The shock is justified – the most powerful nation in the world will be led by a breathtakingly ignorant, bigoted, violent, pathologically lying, sexually predatory, vengeful, authoritarian, corrupt reality TV star. Those aren’t insults, they’re facts.
How is democracy coming to this? How do we deal with it? We want to offer 5 points:
1. Acceptance – we can’t wisely change anything about the world or ourselves if we don’t first accept it. So take a deep breath, and let’s face it. President Trump. And Trumpism striving for power in many of our countries.
2. Holistic Evaluation – I can’t find a better phrase for this idea, but our brains have a deep negativity bias. We are easily overwhelmed by fearful focus on the negative, and we make awful judgments when we are. This is how demagogues rise. We can’t let it happen to us. So looking at the situation holistically, here’s some reassuring points:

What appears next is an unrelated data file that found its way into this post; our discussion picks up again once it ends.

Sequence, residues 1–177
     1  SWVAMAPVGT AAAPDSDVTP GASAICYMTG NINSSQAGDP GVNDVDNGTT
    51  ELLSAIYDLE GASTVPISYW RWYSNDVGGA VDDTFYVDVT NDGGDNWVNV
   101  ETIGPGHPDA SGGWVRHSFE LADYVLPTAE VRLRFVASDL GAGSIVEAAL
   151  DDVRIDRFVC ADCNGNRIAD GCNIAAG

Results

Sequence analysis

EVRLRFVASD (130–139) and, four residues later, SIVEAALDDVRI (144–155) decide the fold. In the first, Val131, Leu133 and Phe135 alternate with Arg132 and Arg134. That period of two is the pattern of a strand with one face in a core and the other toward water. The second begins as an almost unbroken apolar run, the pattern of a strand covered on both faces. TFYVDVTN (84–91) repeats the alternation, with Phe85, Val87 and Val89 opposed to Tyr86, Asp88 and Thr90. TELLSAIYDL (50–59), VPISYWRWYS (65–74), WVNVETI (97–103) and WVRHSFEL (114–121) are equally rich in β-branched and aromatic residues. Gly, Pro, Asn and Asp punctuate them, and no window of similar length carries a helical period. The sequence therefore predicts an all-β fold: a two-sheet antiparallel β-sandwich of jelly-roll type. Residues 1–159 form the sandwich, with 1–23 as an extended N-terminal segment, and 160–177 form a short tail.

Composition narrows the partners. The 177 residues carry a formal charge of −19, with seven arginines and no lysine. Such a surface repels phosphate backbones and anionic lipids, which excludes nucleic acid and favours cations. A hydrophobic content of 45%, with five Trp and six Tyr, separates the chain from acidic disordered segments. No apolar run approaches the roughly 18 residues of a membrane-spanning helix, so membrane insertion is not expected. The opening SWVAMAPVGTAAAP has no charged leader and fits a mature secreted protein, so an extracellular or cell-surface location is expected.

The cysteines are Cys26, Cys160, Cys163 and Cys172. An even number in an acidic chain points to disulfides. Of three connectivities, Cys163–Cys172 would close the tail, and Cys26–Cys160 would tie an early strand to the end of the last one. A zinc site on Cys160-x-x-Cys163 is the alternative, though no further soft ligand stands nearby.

He’s not all-powerful – The US President faces many checks and balances from Congress, the constitution, the courts, his own party, and foreign leaders.
He was recently a liberal! – Trump is dangerous, but not a maniac. He has praised Hillary Clinton and donated to her campaigns and many of his positions are more reasonable when you scrutinize them. “Building a wall” is just saying he will physically police the US border. It’s distasteful, but not crazy. Much of his party opposed him because he wasn’t conservative enough!
He’s tapped into legitimate concerns – Trump’s supporters are not simply a racist ignorant mob. Polls show at least half are people who are well aware of his faults but are desperate for change, hate Hillary Clinton, and are willing to gamble on him.